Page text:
Lancaster, Texas, a sleepy suburb of Dallas, is hardly where one expects to find highly engineered public buildings. But the recently completed Lancaster Public Safety Building, designed by Perkins+Will, is just that, a combined fire and police station with a 50-foot roof extension that is not a single, but a double cantilever.
The design team created four schemes, all of which combined the two departments into an L-shaped building, and all exploring ways both to create a strong presence from the adjacent highway and to set the structure apart from the other public buildings on site. The winning scheme featured the signature roofline.
Luckily, the design team found a series of local allies who were determined to push the cantilever through. “We were fortunate, not only to have an ambitious city manager,” Perkins+Will design director-principal Nick Seierup says, “but we also had two guys that ran the police and fire department that very much appreciated the forward-looking building.”
Those local champions were key, because whenever a question came up about cost-cutting, the first thing people looked to was the extensive, and expensive, roof structure. “When there were budget crunches,” says Kent Pontius, an associate in Perkins+Will’s Dallas office, “the clients were extra protective of the overall design.”
The first cantilevered element is the solid piece of roof that extends out over a recessed volume along the sidewalk. This then supports the front edge of the far more extensive second cantilever—a post-tension castellated beam system—that projects 50 feet over a reflecting pool. The steel members required for this larger projection reach up to 110 feet in length, and cables anchored in the building structure keep the beams in place. The additional internal structure is fairly minimal, with the beams infilled by metal studs and sheathing that act as a substrate for the Centria Formabond panels cladding the visible areas. The top is a PVC roofing membrane over rigid insulation.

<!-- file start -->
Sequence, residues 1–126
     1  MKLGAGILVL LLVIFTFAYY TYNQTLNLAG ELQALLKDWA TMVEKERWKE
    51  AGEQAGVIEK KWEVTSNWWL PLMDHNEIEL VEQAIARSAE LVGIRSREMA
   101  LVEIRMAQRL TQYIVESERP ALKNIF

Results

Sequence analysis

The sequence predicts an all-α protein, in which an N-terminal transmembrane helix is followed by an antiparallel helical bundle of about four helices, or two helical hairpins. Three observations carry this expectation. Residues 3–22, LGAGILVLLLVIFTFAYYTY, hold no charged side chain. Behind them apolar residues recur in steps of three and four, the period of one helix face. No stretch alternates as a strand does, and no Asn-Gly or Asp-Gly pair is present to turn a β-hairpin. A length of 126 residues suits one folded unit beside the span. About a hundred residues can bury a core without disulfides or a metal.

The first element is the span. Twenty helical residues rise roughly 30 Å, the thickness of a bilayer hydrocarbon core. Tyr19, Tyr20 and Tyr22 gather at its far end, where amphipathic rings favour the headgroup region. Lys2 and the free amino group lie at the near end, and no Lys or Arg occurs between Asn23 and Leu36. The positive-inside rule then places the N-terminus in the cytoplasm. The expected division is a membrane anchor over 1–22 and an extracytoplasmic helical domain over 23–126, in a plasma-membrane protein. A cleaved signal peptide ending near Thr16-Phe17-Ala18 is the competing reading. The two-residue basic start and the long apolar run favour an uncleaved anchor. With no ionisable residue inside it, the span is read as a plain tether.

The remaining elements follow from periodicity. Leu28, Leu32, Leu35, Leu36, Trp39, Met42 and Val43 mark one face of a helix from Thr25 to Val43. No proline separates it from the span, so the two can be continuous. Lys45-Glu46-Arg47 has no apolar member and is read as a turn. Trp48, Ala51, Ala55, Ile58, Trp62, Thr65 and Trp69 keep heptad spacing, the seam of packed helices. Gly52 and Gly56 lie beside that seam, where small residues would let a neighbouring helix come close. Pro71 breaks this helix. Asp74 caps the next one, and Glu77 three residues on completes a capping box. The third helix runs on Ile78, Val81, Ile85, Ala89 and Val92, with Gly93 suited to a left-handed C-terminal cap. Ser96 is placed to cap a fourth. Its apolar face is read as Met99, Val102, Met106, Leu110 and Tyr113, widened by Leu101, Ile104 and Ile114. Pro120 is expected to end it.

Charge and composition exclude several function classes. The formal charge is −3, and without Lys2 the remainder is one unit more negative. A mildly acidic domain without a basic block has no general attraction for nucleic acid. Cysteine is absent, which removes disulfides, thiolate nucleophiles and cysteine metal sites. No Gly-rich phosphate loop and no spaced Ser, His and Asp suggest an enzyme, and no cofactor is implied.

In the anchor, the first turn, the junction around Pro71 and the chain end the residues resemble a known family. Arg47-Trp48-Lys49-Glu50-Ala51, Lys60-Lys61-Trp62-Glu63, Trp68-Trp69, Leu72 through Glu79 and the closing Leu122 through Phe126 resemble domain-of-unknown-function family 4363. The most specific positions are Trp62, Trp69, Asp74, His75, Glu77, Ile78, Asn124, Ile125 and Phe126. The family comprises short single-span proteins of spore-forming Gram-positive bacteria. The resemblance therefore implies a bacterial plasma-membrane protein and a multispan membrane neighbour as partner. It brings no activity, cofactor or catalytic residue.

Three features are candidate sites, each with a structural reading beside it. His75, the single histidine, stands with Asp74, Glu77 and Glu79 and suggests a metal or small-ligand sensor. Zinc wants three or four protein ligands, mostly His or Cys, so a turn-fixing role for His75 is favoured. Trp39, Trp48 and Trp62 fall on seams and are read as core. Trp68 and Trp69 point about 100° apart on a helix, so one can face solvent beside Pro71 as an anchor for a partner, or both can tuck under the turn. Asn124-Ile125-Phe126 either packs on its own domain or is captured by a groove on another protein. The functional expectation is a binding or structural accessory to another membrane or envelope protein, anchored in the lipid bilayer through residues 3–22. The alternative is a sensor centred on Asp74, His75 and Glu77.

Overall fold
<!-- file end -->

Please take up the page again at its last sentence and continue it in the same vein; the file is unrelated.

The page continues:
The team made the decision to create a cut-out in the overhang because it would have been impossible to support a solid structure. But the engineers at Dallas-based L.A. Fuess Partners still had to contend with the building geometry, which dictated that none of the cantilever’s connecting points formed a true right angle.
This building would be a coup for any public agency, and especially at this fire and police department, which had been operating out of a dark rehabbed autorepair shop that had been hit by both floods and tornadoes. “Without exception, they’re all just thrilled with [the new facility],” says Pontius.